Kenya won big at The Hague, beams Amina

November 29, 2013 12:29 pm
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Mohammed said through a statement that the team had scored 100 percent and that Kenya had achieved fundamental changes over how the International Criminal Court (ICC) functions/FILE
Mohammed said through a statement that the team had scored 100 percent and that Kenya had achieved fundamental changes over how the International Criminal Court (ICC) functions/FILE
NAIROBI, Kenya, Nov 29 – Foreign Affairs Cabinet Secretary Amina Mohammed has given the Kenyan delegation to the Assembly of States Parties (ASP) at The Hague a proud pat on the back saying it achieved the goals it had set out to do.

Mohammed said through a statement that the team had scored 100 percent and that Kenya had achieved fundamental changes over how the International Criminal Court (ICC) functions.

Among the items that Kenya managed to change is the rule requiring all accused persons to be physically present at the Court.

Mohammed said that the changes take note of the constitutional duties of both President Uhuru Kenyatta and his Deputy William Ruto providing them with the option of attending their trial through a video link.

“The ICC has always argued that our President and Deputy President were merely accused persons before the court and must be treated as such. Not any more,” she said.

“The new rule acknowledges that the President and Deputy President are duly elected by the Kenyan people and have a mandate to govern, even while meeting their obligations before the Court.”

She added that the Court would not admit untested evidence during the trials of both Kenyatta and Ruto because it may undermine their defence.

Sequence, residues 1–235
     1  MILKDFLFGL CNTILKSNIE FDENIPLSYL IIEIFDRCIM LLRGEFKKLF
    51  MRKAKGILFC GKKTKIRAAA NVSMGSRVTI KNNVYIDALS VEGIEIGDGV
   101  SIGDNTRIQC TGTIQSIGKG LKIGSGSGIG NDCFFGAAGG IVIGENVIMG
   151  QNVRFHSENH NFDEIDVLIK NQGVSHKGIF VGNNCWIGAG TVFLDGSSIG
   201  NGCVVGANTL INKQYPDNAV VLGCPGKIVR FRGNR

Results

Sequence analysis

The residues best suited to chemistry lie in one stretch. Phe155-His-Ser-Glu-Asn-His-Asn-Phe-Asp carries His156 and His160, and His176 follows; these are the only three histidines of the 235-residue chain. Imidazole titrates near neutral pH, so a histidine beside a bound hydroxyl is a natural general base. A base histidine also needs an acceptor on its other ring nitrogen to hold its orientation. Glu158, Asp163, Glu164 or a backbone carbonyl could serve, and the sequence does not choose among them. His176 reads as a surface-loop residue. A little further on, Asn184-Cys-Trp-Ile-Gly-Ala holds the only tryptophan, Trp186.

Mohammed explained that the ICC Prosecutor had brought in the changes but that the Kenyan delegation had made sure that such evidence would not be brought in during the trial.

“Our view is that this new rule is fraught with difficulties and is a dangerous move that will hurt the rule of law.

When a court can admit evidence without cross-examination, then, effectively, the rights of an accused person can be prejudiced. A prosecutor may also present evidence that is fraudulent,” she said.

“This is a significant advance for us because the question of ICC intermediaries and agents coaching witnesses is still very much in the public domain.”

She at the same time revealed plans to introduce more amendments to the Rome Statute, which would see Heads of State and Government enjoy immunity.

Mohammed explained that Kenya had already given notice of a special Assembly of States Parties, which would discuss this amendment.

This meeting is expected to be held in the first quarter of next year.

Mohammed also gave special thanks to Namibia, Uganda, Tanzania, Botswana, Ghana, Nigeria, Sierra Leone and South Africa for the role that they played at the ASP.

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